Atomic Habits, however, breaks down the ways that simple, small changes in your habits, over time can reveal remarkable results, and often it’s simply the difficulty of maintaining a small change over time, because it’s boring and doesn’t seem to be working, that really gets in the way of accomplishing our goals. Also, when we fail to make the mental shift of who we want to be to actually being that person, we are destined to fall back into the patterns that got us here in the first place. Clear’s directions can be broken down into two short, bullet-ed lists:

  1. Decide the type of person you want to be.
  2. Prove it to yourself with small wins.

And to accomplish these small wins follow the four laws of behavior change:

  1. How can I make it obvious?
  2. How can I make it attractive?
  3. How can I make it easy?
  4. How can I make it satisfying?

Each one of these laws is broken down with multiple, practical, bite-sized steps to create a new positive habit, as well as corresponding steps to take to break a bad habit. What made this book stand out to me was:

  • Research has shown that burn-out and boredom are the main nemeses of new habits, so Clear encourages his reader take small steps, ex. Want to do fifty push-ups a day? Start with one.
  • Straight-forward, clear steps such as “Habit stacking”, in which you stack a new habit with one you do naturally already. For me this has been “After my daughter goes to bed I will write for 20 minutes” (notice I said 20 minutes, not an hour, which would impede more on my personal life and make it undesirable. See Law of Behavior change #2)
  • This book really helped me understand that when I’ve failed to reach a goal, it’s not that the goal was impossible to reach, but that I didn’t set the proper systems for accomplishing it.

This diagram of “The Plateau of Latent Potential from page 22 felt like the real-life explanation of every healthy habit I’ve ever formed. Just when I think “I’ve been doing this for months and nothing’s happening!” Suddenly there are results, Everything takes time, even when we want instant results.Clear, James 2019.06 diagram

James Clear has been talking about habit building for years on his site, based on lessons he learned from having to re-build himself after a devastating baseball accident. This book is filled with tons of versatile insights that would be valuable to anyone looking for change or growth. There were so many different avenues for building habits I believe anyone could cobble together an individual plan that works for them. I read this as an audio-book, read by the author, and really enjoyed it, but there is a lot of helpful information in the physical book so I would recommend taking a look at that as well if you are truly serious about remarkable change.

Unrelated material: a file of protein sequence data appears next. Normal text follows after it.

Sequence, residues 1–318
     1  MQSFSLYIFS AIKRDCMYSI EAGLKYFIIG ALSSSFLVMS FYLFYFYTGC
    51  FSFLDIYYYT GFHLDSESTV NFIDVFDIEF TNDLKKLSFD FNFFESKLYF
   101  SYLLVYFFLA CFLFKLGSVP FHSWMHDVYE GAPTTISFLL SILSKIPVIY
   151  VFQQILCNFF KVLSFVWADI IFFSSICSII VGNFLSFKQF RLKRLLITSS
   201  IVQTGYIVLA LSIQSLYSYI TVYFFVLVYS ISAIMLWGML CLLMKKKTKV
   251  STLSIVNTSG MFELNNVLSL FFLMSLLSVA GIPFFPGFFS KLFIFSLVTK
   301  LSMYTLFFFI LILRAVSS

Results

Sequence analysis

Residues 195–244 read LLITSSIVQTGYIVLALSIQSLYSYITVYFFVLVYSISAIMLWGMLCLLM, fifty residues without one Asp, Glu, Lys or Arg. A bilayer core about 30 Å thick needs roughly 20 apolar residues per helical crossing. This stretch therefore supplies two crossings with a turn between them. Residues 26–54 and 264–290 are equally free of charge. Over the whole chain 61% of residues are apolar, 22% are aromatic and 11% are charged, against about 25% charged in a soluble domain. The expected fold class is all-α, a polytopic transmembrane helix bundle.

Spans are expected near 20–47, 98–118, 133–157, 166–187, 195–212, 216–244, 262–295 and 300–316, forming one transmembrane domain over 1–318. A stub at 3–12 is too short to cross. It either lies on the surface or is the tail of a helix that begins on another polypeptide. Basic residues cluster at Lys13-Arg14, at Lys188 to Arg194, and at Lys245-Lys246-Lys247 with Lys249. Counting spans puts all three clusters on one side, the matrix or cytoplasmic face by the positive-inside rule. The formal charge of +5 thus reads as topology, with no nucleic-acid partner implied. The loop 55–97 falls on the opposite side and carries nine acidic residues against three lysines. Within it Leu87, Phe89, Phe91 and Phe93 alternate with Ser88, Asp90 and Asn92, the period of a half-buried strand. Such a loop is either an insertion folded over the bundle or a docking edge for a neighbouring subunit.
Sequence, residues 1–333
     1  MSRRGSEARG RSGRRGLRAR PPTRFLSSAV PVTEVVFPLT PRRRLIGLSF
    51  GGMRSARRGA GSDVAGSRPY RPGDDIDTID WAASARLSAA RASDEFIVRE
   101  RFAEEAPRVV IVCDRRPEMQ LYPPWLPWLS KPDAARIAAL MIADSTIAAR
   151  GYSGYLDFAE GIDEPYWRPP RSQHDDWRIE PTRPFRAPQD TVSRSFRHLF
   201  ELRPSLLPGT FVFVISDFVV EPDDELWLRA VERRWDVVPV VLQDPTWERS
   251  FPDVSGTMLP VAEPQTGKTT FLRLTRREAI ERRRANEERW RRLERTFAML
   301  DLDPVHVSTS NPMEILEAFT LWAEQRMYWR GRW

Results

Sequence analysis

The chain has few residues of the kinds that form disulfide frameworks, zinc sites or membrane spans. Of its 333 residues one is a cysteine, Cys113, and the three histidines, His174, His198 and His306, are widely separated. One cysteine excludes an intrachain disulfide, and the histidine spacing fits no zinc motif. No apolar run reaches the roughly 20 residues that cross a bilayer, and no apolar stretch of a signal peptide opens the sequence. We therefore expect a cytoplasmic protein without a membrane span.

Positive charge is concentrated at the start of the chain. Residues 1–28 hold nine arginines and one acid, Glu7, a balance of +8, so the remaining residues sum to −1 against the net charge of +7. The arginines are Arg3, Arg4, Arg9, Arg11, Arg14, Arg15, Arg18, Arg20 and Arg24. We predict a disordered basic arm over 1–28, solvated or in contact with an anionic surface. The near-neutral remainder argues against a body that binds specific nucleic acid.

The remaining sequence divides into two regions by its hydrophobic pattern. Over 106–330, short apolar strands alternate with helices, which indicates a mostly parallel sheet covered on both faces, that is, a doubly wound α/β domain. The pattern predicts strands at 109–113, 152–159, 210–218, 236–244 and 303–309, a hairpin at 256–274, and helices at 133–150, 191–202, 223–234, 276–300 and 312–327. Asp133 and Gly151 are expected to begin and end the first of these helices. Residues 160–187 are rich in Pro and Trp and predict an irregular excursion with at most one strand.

Atomic Habits by James Clear

Published: October 16, 2018

I read this as: an audio-book from Overdrive and a hardback purchased from publisher

If you like this you may enjoy:

The Power of Habit by Charles Duhigg

Better Than Before by Gretchen Rubin

The Storied Life of A.J. Fikry by Gabrielle Zevin

The Storied Life of A.J. Fikry by Gabrielle Zevin

Zevin, Gabrielle 2019.06You know everything you need to know about a person from the answer to the question, “What is your favorite book?”

Finally! A book for book-people! Just kidding, all books are for book-people, but you’ll forgive me for being especially fond of a novel whose subject is a quirky book-seller and in which each chapter begins with a review of a real book. Oh, and the story is wonderful as well.

Bookstore owner A.J. Fikry has achieved curmudgeon status before reaching the age of 40, mostly isolating himself from new people after the sudden and tragic death of his wife, Nic. Then, his world is upended with the arrival of baby Maya, who is left in his store with a note from Maya’s mother begging him to raise her child in a world surrounded by books. Slowly, Maya grows on him, and as his love expands, so does his ability and desire to connect with others. Forged together, A.J. and Maya’s circle of love begins to influence and change lives for the better, demonstrating that a life can be re-made, that lost love does not equal lost life. This is a heartwarming, fun, and charming read, here is one of my favorite quotes:

We aren’t the things we collect, acquire, read. We are, for as long as we are here, only love. The things we loved. The people we loved. And I think these really do live on.

The emotion here is palpable, and attention to the power of love combined with the book’s sense of fun and whimsy are what makes it a great read. It is as if someone took The Rosie Project and A Man called Ove, smashed them together, and set it in a book-store. The perfect read for any book-lover or someone looking for an endearing, lovely, and moving story.

The Storied Life of A.J. Fikry by Gabrielle Zevin

Published: April 1, 2014

I read this as: a library book

If you enjoy this you may also like:

A Man Called Ove by Fredrik Backman

The Unlikely Pilgrimage of Harold Fry   by Rachel Joyce

The Rosie Project by Graeme Simison

Eleanor Oliphant is Completely Fine by Gail Honeyman

What I Read January 2019

What I Read January 2019

What I read in January 2019I finished off 10 books in January, some of them great, some of them meh-okay-ish. I also did not finish 3 books that I got a good bit into before deciding to give up because I just wasn’t that into them. I’m a big believer in not wasting time reading books that you’re not enjoying, to me it ruins the experience and puts me in an anti-reading rut, when reading is meant to be a pleasure! Here are the books I most enjoyed in January.

When Breath Becomes Air by Paul Kalanithi

This was by far the best book I read in January, and one of the most moving books I’ve read in awhile. Kalanithi was a young neurosurgeon when he was given a terminal cancer diagnosis, he decided to spend the time he had left reflecting on his ambitious life and the experience of dying, writing this beautiful memoir. (Non Fiction)